JavaScript must be enabled in order for you to use the Site in standard view. However, it seems JavaScript is either disabled or not supported by your browser. To use standard view, enable JavaScript by changing your browser options.

| Last Updated:25/03/2020

Latest News


Kaziranga drive to mitigate casualties


The Pioneer, New Delhi, July 12, 2013

With the floodwaters entering the Kaziranga National Park in Assam, the park authorities, in association with biodiversity conservation NGO Aranyak, have started pre-flood awareness campaign for the fringe hamlet residents to mitigate animal casualties.

The programme, which is also supported by the Numaligarh Refinery Limited (NRL), aims at seeking cooperation of residents in villages, where many of the animals enter after escaping high flood in the park, to ensure safety of wildlife.

There are 18 fringe villages in and around the park, which are very sensitive in terms of human-animal encounters during floods. The awareness campaign had already been launched in 12 out of the total 18 villages, said Aaranyak publicity secretary, M Firoz Ahmed while adding that the remaining villages will be covered very soon.

“The series of pre-flood awareness camps is being carried out to minimise the death of wild animals during flood by seeking support of the local communities and to ensure safe return of the flood-displaced animals to the park,” Ahmed said.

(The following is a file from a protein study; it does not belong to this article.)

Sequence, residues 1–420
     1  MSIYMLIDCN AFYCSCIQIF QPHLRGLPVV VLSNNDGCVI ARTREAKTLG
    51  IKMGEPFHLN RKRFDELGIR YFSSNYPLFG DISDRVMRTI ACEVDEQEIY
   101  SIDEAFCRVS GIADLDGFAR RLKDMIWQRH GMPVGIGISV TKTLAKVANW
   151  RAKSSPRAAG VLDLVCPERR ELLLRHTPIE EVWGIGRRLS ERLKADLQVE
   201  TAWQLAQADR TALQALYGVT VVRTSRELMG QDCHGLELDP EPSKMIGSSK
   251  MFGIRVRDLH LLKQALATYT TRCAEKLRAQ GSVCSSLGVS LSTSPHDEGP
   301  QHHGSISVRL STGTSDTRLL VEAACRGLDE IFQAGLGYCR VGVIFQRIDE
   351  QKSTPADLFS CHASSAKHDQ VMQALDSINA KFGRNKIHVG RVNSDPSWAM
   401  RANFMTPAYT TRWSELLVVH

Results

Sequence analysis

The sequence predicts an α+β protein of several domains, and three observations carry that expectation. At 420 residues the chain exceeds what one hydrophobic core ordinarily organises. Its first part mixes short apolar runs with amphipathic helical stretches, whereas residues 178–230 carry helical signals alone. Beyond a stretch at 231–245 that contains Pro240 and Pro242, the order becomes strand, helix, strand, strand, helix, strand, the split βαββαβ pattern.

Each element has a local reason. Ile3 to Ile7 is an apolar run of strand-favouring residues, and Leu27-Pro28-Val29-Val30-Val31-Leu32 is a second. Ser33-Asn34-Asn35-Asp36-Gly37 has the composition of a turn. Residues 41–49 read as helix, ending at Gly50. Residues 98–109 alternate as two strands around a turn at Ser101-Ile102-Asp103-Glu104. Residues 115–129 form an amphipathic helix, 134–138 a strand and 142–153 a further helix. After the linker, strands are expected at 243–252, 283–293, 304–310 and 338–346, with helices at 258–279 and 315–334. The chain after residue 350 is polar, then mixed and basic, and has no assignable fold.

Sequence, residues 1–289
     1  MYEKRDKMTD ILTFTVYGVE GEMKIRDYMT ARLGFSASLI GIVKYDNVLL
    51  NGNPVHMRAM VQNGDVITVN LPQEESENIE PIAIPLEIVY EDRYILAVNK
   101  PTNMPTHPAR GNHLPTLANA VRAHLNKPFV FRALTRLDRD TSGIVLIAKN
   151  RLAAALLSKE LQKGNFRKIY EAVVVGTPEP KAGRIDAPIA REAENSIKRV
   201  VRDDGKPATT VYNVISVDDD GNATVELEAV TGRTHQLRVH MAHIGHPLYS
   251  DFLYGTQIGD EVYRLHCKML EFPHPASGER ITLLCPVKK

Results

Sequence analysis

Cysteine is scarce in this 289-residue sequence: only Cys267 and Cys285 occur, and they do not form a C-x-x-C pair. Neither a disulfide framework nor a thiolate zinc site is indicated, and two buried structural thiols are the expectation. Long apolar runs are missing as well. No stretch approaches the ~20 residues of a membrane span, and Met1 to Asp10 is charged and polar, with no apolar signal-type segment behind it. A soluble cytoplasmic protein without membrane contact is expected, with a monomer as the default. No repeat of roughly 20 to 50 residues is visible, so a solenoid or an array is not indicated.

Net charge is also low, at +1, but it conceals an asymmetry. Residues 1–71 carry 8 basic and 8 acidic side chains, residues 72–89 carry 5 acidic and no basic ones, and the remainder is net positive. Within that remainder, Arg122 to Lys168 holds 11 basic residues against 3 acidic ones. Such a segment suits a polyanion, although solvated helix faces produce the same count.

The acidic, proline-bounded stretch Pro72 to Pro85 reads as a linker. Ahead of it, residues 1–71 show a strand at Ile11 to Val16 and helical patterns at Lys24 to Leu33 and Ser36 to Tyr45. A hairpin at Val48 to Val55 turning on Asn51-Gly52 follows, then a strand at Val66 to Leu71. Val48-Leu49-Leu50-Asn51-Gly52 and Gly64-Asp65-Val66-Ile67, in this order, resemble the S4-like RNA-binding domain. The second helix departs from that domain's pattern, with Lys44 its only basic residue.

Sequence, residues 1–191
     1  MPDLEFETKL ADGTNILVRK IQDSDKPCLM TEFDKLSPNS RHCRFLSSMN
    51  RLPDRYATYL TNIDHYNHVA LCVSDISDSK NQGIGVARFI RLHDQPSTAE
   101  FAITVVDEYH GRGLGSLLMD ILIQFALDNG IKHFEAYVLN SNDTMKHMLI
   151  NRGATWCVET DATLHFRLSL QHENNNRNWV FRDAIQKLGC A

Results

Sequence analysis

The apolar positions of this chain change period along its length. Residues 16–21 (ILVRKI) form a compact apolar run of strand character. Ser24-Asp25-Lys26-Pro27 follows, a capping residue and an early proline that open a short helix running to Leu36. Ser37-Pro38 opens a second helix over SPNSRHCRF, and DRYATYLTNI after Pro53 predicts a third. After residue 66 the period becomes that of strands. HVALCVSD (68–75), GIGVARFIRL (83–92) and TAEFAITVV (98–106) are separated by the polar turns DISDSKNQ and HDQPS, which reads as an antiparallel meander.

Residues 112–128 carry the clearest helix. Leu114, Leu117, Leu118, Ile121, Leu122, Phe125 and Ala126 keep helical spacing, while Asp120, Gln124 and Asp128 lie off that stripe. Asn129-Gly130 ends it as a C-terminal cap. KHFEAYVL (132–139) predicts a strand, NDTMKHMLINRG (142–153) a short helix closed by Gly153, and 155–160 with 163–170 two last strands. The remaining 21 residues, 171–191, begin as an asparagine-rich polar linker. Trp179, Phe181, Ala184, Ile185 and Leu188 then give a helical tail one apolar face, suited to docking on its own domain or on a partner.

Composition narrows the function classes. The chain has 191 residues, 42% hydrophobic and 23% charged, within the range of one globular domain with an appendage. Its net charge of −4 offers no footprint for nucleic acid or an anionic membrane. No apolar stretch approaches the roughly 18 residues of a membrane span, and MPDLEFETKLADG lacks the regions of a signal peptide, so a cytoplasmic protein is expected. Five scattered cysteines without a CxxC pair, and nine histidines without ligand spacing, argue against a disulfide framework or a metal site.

The annual flood in Kaziranga, a World Heritage site housing over 2,000 one-horned rhinos and having high tiger density, is considered lifeline for the ecosystem. But last year deluge, the worst in a decade, killed nearly 1,000 animals, majority of the casualties were hog deer. Many of the animals were drowned inside the park while some got killed by speeding vehicles and poached when they attempted to cross a highway to reach high ground in the neighbouring Karbi Anglong district.

Waters from the mighty Brahmaputra, which touches one side of the park, have already entered the park this year, but it is far from being high floods as the waters have flooded less than 20 per cent area of the whole park so far.

“There is a vast difference between water entering the park from Brahmaputra and flood in the park. At the moment, only floodwaters entered and covered only small portion of the park. We still cannot say Kaziranga is flooded right now,” a park official said, adding that they have, however, alerted all their staff and taken all precautionary measures to deal with emergency situation in case of a high floods like last year.

Apart from last year, the park had witnessed severe floods in 1988, 1998, 2004 and in 2008. While the park had lost 1,203 animals in 1988, a total of 652 animals died in the floods of 1998, the officials said.